- Three out, including city administrator, at Scott City; two resigned, one fired (3/16/17)1
- Business notebook: Cape native goes from farm to mobile-food operation (3/20/17)1
- Police: Man beats pregnant wife, throws her down stairs, abandons her on side of road (3/14/17)17
- Several tournaments already booked at Sportsplex (3/16/17)6
- Cairo man pleads guilty to bank murders (3/17/17)1
- Former Scott City administrator: 'I was forced to resign' (3/21/17)6
- Two people found dead in Advance house fire (3/21/17)
- Two local lawmakers back charter school bill; Perryville lawmaker objects to measure (3/19/17)19
- Two Cape men charged with second-degree murder of Grandi (3/21/17)2
- Cape's 24-hour endurance run keeps growing; some will run more than 100 miles beginning Friday night (3/15/17)1
Israeli troops search West Bank for suspected militants
NABLUS, West Bank -- Israeli troops searched house-to-house Saturday as tanks patrolled deserted streets in four Palestinian cities and towns in a sweep of the West Bank that has rounded up dozens of suspected militants over the past two days.
In Nablus, scene of the biggest operation, a Palestinian man was shot dead by Israeli forces, witnesses say.
Palestinian leader Yasser Arafat, who is under strong pressure to restructure his government, has been holding talks on overhauling his large Cabinet.
In the coming days, he is likely to reduce the number of ministers from 32 to 19, and bring in new faces, according to Palestinian political sources.
In an interview to be published in a Greek newspaper on Sunday Arafat said elections would "most probably" be held in 2002, as part of "sweeping" reforms in the Palestinian Authority.
"Very soon, there will be elections for president and legislators," Arafat said in the interview with the Athens daily Vradini. "Very soon. Most probably within 2002."
The text of the interview was faxed to The Associated Press in Athens on Saturday
But the senior Israeli official in the West Bank and Gaza Strip said any reforms Arafat was likely to agree to would only be cosmetic as long as he controls the flow of money to Palestinian institutions.
"There is no possibility of real reform as long as Yasser Arafat holds in his hands the financial power," Brig. Gen. Amos Gilead, coordinator of Israeli activities in the Palestinian territories, said in an Israeli television interview.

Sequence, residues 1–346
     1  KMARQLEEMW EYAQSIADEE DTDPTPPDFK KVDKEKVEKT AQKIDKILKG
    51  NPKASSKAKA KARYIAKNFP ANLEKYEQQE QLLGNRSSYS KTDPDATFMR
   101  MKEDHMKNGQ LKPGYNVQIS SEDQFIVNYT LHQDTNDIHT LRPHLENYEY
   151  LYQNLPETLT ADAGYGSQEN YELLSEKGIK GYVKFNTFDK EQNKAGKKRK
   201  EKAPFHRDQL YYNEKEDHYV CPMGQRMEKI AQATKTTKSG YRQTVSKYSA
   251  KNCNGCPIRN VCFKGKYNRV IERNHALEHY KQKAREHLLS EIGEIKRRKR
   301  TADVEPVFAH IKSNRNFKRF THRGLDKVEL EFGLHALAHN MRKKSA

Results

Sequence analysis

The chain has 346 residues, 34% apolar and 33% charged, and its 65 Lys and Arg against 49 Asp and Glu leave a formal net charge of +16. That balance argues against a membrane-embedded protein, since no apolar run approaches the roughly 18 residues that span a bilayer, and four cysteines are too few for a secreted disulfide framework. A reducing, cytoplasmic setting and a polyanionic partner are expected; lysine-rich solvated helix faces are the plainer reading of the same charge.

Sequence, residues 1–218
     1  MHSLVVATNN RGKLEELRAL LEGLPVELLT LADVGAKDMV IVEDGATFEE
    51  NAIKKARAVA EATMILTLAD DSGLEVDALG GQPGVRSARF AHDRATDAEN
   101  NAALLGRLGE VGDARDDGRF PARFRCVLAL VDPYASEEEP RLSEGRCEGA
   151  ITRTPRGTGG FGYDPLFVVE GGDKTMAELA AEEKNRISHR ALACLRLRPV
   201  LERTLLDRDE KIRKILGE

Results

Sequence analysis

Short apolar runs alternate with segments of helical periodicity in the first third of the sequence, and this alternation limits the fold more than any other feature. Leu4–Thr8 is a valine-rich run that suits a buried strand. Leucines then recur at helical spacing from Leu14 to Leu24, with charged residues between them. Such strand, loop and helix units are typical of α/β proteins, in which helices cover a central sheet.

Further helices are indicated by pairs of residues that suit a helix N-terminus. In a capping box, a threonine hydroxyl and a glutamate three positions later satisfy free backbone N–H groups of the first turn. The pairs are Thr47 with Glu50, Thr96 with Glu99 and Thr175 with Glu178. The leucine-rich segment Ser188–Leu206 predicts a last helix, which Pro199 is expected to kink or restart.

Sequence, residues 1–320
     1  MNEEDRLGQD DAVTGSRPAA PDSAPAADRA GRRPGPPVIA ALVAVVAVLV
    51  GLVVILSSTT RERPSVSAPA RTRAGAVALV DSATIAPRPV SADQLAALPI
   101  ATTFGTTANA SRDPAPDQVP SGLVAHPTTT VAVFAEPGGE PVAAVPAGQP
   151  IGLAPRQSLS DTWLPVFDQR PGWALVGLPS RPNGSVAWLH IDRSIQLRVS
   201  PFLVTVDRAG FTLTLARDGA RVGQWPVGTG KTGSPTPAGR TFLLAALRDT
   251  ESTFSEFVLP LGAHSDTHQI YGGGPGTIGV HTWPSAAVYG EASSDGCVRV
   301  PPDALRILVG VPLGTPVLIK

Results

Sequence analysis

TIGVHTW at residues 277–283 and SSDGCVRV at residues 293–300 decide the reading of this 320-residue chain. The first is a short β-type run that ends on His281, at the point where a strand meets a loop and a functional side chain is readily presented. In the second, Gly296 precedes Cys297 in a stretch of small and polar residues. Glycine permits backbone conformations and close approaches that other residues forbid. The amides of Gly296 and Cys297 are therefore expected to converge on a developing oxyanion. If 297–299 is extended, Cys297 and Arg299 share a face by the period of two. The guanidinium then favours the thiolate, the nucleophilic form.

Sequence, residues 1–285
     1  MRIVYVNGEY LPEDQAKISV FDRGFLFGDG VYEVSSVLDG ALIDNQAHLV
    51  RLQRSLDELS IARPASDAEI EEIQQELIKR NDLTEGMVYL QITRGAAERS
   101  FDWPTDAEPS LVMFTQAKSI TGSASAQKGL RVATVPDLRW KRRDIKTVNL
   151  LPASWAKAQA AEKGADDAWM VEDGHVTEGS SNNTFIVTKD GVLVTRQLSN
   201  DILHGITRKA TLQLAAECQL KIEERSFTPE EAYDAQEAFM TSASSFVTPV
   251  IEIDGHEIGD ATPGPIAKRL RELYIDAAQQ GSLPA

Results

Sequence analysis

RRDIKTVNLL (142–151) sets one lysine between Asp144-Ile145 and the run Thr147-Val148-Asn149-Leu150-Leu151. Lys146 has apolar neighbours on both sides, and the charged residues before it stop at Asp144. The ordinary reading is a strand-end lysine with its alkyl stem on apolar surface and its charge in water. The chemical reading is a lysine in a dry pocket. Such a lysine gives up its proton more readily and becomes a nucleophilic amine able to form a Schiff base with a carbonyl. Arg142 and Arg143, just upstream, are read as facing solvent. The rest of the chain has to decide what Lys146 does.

The Palestinian newspaper Al-Quds reported Saturday that Arafat would make Mohammed Dahlan, a senior security chief in the Gaza Strip, the top official in the revamped security services.
The developments came as visiting diplomats held talks with Arafat and Israeli Prime Minister Ariel Sharon in a search for ways to end 20 months of Mideast violence. No new peace initiatives emerged.
Arafat on Saturday hosted European Union foreign policy chief Javier Solana, who said the talks focused on reforming the Palestinian security system, rebuilding Palestinian infrastructure damaged in recent Israeli military actions, and how to restart peace negotiations, which collapsed more than a year ago.
Sharon met U.S. Middle East envoy William Burns on Friday, and the Israeli leader repeated his position that there would be no negotiations until there is an end to violence and reform in the Palestinian Authority.
Meanwhile, the almost daily Israeli forays into Palestinian territory have come to resemble police operations carried out with tanks and armored personnel carriers.
In the largest raid, Israeli troops searched house-to-house for a second day Saturday in the Balata refugee camp, a militant stronghold on the edge of Nablus, in the northern West Bank.
Israel said about 50 Palestinian suspects were arrested and a bomb-making workshop was found, and then demolished in a controlled explosion. Palestinians said that hundreds of men were rounded up Friday in the camp and about 100 were taken in trucks to a nearby military base for interrogation.
The soldiers also patrolled the deserted streets of Nablus, which is under curfew, and made arrests Saturday in a residential area near Al-Najah University, where many students live.
A group of men defied the curfew and attended prayers at the mosque in Nablus' Old City, Palestinian witnesses said. An Israeli armored personnel carrier fired on them as they were leaving, killing Tareq el-Kharaz, 24, Palestinian doctors said.
Israel said its troops came under fire several times in the Nablus area, and returned fire, but did not have any information about a Palestinian being killed.
Troops also entered the nearby village of Tamoun, about 10 miles northeast of Nablus, using small explosives to break down the doors of some homes, Palestinians said. The army said eight suspects were arrested.
Soldiers in armored vehicles also entered Bethlehem's Dheisheh refugee camp before dawn, where they arrested one suspect before leaving several hours later, the army said. At a Bethlehem checkpoint, a Palestinian woman attempted to stab an Israeli soldier, the army said. She was overpowered by the soldier and taken into custody.
The Bethlehem raid marked the third time in a week the army has gone into the city, just south of Jerusalem. In several recent Palestinian suicide bombings, the attacker has come from the Bethlehem area.
Israeli tanks and troops briefly went in and out of the town of Tulkarem overnight -- then went back in again Saturday afternoon. The army said it shot and wounded two armed men, capturing one of them while the other escaped.
Most recent Israeli raids have lasted for only a few hours as the troops have gone in quickly to make arrests, then pulled out. In most instances, they have faced little Palestinian resistance.
However, the Nablus operation was bigger than most, involving dozens of armored vehicles. The refugee camp is a stronghold of the Al Aqsa Martyrs Brigade, a militia that has carried out many deadly attacks, and which is linked to Arafat's Fatah movement.